The League

Doug Farrar

Doug Farrar

A staff writer

Top Picks can Actually Hinder Rebuilding


As long as there's a salary cap, and as long as the guaranteed money for the top 10-15 picks tends to be dramatically higher than it is down the scale, it's not going to make sense to tank a season to get a higher pick. No matter what the major roster deficit may be that you're trying to address with a high pick on a bad team, that high pick will have to work in concert with others. Part of the "Moneyball" mandate used by smarter and more consistently successful teams is that if you do well at drafting players to fit your system as opposed to blindly throwing money at a problem, you'll get far better value for the dollar and for the draft pick.

I always felt that when they drafted Alex Smith in 2005, the 49ers were stuck in a situation where their fanbase was so impatient with the lack of post-Mariucci success, they had no choice but to stick with the number-one pick despite the fact that their bankrupt roster would have greatly benefited from a trade down to acquire more picks.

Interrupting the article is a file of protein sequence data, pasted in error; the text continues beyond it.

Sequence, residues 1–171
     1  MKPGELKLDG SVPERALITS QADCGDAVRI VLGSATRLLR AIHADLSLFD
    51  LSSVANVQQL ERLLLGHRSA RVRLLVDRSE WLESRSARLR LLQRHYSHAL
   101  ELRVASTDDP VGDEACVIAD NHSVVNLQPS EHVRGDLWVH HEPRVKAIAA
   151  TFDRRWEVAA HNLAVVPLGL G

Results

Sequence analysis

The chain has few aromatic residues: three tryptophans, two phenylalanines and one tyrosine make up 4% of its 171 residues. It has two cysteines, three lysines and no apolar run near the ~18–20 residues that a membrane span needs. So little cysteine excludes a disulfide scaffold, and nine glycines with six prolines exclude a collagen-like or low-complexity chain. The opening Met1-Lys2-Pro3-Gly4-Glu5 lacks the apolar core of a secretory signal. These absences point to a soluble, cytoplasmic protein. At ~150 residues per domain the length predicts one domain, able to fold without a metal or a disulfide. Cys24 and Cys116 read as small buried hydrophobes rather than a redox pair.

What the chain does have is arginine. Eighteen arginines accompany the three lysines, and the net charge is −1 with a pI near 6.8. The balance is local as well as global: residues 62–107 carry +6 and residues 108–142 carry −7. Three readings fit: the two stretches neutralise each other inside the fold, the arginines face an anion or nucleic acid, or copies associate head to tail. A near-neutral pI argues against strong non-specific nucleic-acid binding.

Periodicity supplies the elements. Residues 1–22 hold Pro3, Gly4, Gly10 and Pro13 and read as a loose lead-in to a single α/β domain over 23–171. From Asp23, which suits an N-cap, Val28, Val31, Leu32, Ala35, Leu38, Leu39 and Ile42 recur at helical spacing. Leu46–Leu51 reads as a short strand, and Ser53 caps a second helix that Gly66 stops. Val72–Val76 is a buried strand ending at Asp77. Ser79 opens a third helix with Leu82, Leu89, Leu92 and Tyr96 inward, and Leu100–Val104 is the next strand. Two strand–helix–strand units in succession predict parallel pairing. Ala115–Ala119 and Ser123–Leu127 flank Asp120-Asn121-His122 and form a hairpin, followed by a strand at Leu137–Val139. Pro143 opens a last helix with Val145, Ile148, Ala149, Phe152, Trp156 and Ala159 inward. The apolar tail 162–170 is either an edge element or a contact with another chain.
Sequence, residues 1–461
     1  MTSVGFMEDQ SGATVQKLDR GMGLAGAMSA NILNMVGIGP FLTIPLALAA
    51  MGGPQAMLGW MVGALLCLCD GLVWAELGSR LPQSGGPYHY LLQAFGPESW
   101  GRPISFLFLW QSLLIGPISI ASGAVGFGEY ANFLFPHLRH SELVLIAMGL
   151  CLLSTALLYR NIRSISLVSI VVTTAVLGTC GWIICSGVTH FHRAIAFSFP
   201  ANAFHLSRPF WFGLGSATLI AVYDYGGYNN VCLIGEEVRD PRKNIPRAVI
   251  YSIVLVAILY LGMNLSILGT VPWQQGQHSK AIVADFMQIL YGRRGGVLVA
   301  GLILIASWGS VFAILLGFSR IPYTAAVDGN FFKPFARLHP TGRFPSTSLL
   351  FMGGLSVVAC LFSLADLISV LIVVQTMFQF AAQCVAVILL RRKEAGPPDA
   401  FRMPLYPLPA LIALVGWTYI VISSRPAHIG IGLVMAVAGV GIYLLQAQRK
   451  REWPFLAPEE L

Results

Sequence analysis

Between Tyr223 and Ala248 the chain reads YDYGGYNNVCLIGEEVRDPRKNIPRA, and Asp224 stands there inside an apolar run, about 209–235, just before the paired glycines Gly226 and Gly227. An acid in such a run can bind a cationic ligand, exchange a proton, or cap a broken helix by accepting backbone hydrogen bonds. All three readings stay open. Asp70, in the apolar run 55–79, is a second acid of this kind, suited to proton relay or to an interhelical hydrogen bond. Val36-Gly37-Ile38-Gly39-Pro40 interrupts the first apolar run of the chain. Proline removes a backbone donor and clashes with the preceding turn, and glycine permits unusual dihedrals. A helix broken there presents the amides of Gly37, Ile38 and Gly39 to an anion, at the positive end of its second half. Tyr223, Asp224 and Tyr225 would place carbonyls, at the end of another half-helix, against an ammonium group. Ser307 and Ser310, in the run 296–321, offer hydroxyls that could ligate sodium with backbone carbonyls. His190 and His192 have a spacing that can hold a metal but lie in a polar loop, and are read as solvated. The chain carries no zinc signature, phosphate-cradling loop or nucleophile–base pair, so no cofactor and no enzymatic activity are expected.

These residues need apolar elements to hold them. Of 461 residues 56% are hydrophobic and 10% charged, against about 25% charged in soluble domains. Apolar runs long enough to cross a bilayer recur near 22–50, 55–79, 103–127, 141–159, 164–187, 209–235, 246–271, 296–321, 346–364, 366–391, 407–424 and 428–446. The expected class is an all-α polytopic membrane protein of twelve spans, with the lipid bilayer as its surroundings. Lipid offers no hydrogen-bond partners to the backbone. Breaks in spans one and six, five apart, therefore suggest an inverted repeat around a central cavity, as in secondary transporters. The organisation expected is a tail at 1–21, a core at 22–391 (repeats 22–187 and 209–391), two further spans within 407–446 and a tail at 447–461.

Bill Walsh was the master of that -- he'd trade down and down, and because he understood personnel and his team's needs so well, he'd get more out of a fourth-round flyer pick than some teams would get out of their entire first day. Had the 49ers team that picked and failed on Smith had the second or third overall pick, the pressure to stay put would not have been so great, and the team could have acquired more draft picks.

And what if you're tanking it to acquire a higher pick in a down draft market? There are years in which the talent simply isn't up to the standard of other years, and it's tough to know how that shakes out until the current college season is over. In that case, you've made your fans even more apoplectic than they already are, simply for the honor of overpaying a possible bust and having that player take your career with him. The 2005 quarterbacks class is only now bearing fruit in a few cases, and the Niners forced themselves to start a shotgun quarterback in a league whose schemes almost guaranteed that he would fail in the short term.

Better to win all you can, get your draft strategy in order, and let the chips fall where they may.

By Doug Farrar  |  October 23, 2008; 11:35 AM ET  | Category:  NFL Save & Share:  Send E-mail   Facebook   Twitter   Digg   Yahoo Buzz   StumbleUpon   Technorati  
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